Sometimes, New York City can feel darkly practical. As we get caught in the maelstrom of meetings, emails, and memos, we sometimes forget the importance of moments. Thankfully, American artist Rachel Feinstein brought light to Madison Square Park with Folly, a fanciful collection of three ephemeral sculptures that bid the Big Apple adieu this Sunday. But first, Ms. Feinstein has arranged a proper Manhattan send-off for her mysteriously wispy works.
Based on the opulent sets for Diaghilev’s Ballets Russes and earlier 18th and 19th century palatial spaces, Folly celebrates form and forgoes function to bring back the elegant effervescence of Rococo. One structure embodies Marie Antoinette’s Petite Trianon, while the other two nostalgically recall scenes from old-time theater. With such flavorful, aesthetically enticing inspirations, the aluminum bodies are seemingly manifested of dreams and fairytales. And so, of course, their accompanying farewell party must be made of the same sort of unbridled beauty and whimsicality.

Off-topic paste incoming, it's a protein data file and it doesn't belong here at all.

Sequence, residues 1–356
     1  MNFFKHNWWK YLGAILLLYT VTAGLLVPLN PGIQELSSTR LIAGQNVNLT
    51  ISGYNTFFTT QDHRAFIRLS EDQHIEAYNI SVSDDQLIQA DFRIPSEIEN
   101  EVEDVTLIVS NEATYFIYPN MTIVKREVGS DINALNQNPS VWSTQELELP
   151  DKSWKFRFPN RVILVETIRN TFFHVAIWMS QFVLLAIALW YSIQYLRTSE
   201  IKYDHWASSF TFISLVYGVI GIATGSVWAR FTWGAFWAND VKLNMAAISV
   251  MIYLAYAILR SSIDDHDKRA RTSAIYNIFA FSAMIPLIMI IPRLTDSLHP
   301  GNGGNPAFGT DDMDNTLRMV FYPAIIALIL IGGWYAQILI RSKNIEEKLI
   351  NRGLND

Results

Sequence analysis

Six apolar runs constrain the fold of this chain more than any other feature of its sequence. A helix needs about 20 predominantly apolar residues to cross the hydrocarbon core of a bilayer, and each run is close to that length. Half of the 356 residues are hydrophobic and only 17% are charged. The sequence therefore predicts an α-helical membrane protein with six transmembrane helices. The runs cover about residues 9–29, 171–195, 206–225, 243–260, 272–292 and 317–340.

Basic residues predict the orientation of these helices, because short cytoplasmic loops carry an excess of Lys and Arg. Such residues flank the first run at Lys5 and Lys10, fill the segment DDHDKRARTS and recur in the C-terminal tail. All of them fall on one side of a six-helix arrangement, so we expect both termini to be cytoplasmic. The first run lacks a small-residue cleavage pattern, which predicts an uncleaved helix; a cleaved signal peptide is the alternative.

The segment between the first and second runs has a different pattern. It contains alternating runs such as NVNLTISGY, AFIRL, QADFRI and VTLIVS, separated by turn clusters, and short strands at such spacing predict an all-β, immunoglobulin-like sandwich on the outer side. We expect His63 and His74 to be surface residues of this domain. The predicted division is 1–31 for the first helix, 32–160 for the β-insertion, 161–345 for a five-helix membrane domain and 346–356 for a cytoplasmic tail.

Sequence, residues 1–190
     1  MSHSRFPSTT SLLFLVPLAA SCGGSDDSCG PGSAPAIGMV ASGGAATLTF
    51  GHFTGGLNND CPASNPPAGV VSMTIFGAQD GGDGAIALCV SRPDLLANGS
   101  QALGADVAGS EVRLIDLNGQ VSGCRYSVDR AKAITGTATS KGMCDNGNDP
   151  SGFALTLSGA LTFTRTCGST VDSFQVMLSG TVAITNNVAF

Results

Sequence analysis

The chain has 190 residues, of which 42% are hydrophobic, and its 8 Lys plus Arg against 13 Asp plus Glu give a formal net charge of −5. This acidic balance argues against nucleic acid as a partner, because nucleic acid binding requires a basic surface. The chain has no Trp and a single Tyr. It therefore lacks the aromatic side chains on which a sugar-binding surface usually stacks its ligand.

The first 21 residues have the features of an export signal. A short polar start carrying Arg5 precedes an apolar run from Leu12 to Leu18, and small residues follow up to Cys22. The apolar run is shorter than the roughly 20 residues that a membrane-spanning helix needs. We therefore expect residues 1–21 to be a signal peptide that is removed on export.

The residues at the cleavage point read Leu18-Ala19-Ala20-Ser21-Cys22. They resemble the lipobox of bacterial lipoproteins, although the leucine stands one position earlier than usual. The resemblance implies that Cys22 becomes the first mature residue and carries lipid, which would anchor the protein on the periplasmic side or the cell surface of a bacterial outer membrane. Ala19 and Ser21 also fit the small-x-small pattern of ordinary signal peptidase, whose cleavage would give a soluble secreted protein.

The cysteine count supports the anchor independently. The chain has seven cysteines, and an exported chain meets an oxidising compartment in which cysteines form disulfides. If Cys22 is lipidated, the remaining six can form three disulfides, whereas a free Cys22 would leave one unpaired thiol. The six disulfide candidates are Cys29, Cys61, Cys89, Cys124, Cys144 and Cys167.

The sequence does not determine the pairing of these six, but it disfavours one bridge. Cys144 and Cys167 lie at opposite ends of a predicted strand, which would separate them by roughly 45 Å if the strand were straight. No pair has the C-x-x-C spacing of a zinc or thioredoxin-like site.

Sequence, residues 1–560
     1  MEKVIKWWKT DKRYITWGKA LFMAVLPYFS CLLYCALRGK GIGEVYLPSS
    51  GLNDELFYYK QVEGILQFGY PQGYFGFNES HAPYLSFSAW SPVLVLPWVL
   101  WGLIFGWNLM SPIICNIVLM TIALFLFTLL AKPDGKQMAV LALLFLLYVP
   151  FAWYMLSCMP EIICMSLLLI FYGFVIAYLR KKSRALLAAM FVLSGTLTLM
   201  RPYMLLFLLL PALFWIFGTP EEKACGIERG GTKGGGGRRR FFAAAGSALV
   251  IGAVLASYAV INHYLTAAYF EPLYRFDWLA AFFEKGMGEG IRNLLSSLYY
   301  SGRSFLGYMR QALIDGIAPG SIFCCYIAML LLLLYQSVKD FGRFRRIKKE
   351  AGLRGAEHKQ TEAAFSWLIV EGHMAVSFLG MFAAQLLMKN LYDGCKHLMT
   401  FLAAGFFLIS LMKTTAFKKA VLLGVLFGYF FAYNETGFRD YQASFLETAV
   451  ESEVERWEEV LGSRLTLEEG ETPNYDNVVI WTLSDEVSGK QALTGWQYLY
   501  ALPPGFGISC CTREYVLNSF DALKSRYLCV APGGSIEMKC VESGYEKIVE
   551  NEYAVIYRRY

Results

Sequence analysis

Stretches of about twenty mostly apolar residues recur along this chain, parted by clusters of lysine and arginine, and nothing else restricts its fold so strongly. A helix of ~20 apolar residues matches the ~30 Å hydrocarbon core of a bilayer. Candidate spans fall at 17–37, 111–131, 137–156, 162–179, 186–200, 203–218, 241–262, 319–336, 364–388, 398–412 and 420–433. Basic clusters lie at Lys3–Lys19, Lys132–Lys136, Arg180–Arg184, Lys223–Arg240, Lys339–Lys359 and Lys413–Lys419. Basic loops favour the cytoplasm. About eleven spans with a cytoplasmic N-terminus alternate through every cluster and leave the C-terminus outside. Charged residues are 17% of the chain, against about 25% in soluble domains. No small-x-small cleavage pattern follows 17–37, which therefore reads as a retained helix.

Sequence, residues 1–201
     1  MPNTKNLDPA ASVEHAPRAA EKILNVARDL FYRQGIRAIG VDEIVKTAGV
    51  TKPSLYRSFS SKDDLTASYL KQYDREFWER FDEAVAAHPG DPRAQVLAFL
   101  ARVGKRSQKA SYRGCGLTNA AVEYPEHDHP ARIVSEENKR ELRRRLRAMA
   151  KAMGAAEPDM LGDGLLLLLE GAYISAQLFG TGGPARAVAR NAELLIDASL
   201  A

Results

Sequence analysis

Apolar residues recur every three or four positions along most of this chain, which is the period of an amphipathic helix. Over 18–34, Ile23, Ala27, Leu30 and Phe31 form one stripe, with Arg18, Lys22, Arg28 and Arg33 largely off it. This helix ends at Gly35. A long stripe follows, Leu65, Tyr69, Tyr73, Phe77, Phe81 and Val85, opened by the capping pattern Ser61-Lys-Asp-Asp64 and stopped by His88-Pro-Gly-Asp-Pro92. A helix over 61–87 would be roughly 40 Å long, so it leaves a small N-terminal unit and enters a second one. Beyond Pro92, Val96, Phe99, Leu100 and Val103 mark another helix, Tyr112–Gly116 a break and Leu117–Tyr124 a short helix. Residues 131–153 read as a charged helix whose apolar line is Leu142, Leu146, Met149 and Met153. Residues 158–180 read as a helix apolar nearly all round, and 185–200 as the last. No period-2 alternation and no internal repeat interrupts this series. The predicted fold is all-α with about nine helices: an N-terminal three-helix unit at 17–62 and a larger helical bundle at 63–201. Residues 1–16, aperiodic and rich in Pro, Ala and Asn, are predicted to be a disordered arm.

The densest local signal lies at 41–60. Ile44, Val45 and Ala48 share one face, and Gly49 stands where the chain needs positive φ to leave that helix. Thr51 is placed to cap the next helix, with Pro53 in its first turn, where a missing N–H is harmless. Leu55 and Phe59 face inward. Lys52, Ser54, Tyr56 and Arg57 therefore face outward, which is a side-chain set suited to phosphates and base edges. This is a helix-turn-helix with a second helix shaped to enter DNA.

On September 3 from 5:30-8:30 p.m., all things delightful and strangely stirring will combine in “The Last Days of Folly,” an exposé of talents in Madison Square Park with Ms. Feinstein’s sculptures as a backdrop. From live music and opera to “a sensually undulating blob,” the event offers three hours of experimental performance motivated by Folly itself. Perhaps the most promising piece on the bill is a ballet imagined by Sofia Coppola with the help of Jo Matos and Irene Hogarth-Cimino, both instructors at the prestigious Joffrey Ballet School. The mastermind behind films like Marie Antoinette and The Bling Ring, Ms. Coppola is no stranger to eccentricity and color, and her foray into the dance world may bring back memories of Diaghilev’s romanticism.
Other big names include Zac Posen, Cynthia Rowley, and Proenza Schouler, who are among the designers that Ms. Feinstein chose to collaborate with for her fashionable event. The artist has been recognized in couture circles since she designed the runway for Marc Jacobs’ Fall 2012 show, and tomorrow’s festival may just rival a day at Bryant Park.